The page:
As a Child
THE childhood and youth of Jesus were spent
in a little mountain village. There was no place on earth that would not have been honored
by His presence. The palaces of kings would have been privileged in receiving Him as a
guest. But He passed by the homes of wealth, the courts of royalty, and the renowned seats
of learning, to make His home in obscure and despised Nazareth.
Wonderful in its significance
is the brief record of His early life: "The child grew, and waxed strong in spirit,
filled with wisdom: and the grace of God was upon Him." In the sunlight of His
Father's countenance, Jesus "increased in wisdom and stature, and in favor with God
and man." Luke 2:52. His mind was active and penetrating, with a thoughtfulness and
wisdom beyond His years. Yet His character was beautiful in its symmetry. The powers of
mind and body developed gradually, in keeping with the laws of childhood.
As a child, Jesus manifested
a peculiar loveliness of disposition. His willing hands were ever ready to serve others.
He manifested a patience
that nothing could disturb, and a truthfulness that would never
sacrifice integrity. In principle firm as a rock, His life revealed the grace of unselfish
With deep earnestness the
mother of Jesus watched the unfolding of His powers, and beheld the impress of perfection
upon His character. With delight she sought to encourage that bright, receptive mind.
Through the Holy Spirit she received wisdom to co-operate with the heavenly agencies in
the development of this child, who could claim only God as His Father.
From the earliest times the
faithful in Israel had given much care to the education of the youth. The Lord had
directed that even from babyhood the children should be taught of His goodness and His
greatness, especially as revealed in His law, and shown in the history of Israel. Song and
prayer and lessons from the Scriptures were to be adapted to the opening mind. Fathers and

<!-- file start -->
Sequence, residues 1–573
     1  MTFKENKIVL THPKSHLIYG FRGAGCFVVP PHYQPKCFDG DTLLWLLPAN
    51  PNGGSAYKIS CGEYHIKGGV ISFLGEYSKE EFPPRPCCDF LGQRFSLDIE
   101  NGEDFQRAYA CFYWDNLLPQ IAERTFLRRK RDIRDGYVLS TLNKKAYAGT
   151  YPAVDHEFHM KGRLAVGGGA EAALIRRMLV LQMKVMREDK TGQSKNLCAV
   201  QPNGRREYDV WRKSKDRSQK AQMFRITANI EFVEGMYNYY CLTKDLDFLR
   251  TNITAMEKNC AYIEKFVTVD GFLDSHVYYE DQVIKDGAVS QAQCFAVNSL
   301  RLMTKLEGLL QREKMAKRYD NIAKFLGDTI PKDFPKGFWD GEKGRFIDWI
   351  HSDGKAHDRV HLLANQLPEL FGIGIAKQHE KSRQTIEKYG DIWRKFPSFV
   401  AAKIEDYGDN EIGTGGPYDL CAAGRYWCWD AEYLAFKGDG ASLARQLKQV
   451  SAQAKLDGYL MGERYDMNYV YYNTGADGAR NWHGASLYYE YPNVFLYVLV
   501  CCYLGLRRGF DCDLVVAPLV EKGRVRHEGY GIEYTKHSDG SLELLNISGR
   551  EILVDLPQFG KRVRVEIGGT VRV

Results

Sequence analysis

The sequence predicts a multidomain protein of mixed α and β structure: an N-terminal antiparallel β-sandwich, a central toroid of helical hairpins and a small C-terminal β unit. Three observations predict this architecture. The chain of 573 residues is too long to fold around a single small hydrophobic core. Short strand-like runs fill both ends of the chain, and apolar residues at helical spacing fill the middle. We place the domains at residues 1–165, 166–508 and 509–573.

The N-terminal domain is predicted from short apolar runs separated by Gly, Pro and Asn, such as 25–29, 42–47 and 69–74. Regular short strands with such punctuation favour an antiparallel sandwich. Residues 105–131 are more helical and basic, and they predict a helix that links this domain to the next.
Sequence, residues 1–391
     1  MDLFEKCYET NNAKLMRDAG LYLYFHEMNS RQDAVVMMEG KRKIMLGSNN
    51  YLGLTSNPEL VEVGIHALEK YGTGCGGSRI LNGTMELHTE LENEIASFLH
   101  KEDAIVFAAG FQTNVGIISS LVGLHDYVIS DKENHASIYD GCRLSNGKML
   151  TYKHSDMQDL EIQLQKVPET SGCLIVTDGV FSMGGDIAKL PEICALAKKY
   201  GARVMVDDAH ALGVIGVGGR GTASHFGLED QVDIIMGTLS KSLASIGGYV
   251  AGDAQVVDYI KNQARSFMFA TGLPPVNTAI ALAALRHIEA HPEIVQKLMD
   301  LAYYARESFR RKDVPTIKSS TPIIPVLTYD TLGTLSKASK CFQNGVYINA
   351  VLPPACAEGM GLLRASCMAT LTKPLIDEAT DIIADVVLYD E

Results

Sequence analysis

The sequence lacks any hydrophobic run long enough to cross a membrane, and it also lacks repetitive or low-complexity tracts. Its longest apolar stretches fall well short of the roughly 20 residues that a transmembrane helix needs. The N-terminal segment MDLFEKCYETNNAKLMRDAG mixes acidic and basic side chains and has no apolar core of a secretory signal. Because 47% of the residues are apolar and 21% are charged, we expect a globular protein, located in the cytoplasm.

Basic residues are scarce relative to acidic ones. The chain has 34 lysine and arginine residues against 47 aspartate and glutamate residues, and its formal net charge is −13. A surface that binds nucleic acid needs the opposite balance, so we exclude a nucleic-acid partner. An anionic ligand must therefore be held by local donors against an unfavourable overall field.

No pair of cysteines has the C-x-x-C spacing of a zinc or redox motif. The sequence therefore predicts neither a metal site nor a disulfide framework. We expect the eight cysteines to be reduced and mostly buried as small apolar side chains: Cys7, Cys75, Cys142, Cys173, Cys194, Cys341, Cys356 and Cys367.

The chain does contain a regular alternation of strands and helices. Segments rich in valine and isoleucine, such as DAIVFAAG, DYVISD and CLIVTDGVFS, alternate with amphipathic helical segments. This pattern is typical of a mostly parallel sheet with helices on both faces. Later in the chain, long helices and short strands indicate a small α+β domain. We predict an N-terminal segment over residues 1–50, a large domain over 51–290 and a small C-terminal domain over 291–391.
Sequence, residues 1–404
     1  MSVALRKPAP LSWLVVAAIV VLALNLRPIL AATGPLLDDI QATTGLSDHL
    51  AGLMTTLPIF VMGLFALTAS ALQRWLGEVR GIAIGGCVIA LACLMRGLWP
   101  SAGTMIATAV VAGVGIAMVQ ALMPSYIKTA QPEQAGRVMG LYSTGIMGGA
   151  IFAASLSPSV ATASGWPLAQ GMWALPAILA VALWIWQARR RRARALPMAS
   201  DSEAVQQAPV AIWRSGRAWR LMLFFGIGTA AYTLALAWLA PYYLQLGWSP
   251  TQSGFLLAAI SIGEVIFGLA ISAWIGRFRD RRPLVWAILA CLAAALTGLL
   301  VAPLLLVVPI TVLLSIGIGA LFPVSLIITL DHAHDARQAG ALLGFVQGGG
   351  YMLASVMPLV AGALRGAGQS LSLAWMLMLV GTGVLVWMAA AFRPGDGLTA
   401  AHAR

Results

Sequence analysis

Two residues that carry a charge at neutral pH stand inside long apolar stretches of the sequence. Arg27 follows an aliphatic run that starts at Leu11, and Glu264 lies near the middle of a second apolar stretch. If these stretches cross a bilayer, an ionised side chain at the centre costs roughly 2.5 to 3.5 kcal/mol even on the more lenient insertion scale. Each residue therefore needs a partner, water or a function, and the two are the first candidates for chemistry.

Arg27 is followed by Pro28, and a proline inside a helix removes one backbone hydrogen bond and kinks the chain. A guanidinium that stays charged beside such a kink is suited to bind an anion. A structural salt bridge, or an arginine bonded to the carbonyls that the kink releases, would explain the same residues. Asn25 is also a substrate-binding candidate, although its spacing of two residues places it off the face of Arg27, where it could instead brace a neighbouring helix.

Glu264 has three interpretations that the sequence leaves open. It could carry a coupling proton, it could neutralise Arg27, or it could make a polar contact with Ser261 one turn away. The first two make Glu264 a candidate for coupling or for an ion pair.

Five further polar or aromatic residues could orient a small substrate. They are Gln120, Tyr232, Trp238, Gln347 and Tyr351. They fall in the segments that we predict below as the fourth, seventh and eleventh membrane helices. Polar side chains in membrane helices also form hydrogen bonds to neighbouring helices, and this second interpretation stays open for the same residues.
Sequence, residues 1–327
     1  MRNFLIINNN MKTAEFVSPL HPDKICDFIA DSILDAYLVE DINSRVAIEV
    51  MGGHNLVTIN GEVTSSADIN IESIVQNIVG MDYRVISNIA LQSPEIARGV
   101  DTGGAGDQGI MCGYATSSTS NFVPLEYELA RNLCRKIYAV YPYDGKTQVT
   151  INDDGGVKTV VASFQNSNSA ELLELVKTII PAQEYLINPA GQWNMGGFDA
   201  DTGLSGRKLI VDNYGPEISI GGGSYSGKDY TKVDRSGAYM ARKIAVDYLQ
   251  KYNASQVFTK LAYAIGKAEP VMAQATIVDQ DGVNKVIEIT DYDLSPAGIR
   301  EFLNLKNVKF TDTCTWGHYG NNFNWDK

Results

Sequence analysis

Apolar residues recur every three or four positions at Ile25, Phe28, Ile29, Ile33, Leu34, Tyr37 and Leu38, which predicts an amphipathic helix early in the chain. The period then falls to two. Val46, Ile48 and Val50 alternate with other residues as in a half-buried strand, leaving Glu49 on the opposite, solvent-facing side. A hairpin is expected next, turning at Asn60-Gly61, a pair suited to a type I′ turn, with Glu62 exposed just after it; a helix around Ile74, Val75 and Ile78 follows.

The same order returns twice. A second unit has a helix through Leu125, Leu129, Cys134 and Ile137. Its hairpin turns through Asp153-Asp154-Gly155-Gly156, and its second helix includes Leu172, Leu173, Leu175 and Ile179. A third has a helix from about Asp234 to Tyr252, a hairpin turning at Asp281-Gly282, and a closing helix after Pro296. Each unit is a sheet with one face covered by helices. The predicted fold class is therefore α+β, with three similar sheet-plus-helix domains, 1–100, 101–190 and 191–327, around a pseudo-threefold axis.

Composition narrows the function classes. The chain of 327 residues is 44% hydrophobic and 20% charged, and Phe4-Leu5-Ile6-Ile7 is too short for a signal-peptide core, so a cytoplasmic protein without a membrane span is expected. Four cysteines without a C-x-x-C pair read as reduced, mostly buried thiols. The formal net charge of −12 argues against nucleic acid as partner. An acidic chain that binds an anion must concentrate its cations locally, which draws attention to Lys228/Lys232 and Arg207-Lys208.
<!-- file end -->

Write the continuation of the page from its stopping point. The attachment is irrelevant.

mothers were to instruct their children that the law of God is an expression of His
character, and that as they received the principles of the law into the heart, the image
of God was traced on mind and soul. Much of the teaching was oral; but the youth also
learned to read the Hebrew writings; and the parchment rolls of the Old Testament
Scriptures were open to their study.
In the days of Christ the
town or city that did not provide for the religious instruction of the young was regarded
as under the curse of God. Yet the teaching had become formal. Tradition had in a great
degree supplanted the Scriptures. True education would lead the youth to "seek the
Lord, if haply they might feel after Him, and find Him." Acts 17:27. But the Jewish
teachers gave their attention to matters of ceremony. The mind was crowded with material
that was worthless to the learner, and that would not be recognized in the higher school
of the courts above. The experience which is obtained through a personal acceptance of
God's word had no place in the educational system. Absorbed in the round of externals, the
students found no quiet hours to spend with God. They did not hear His voice speaking to
the heart. In their search after knowledge, they turned away from the Source of wisdom.
The great essentials of the service of God were neglected. The principles of the law were
obscured. That which was regarded as superior education was the greatest hindrance to real
development. Under the training of the rabbis the powers of the youth were repressed.
Their minds became cramped and narrow.
The child Jesus did not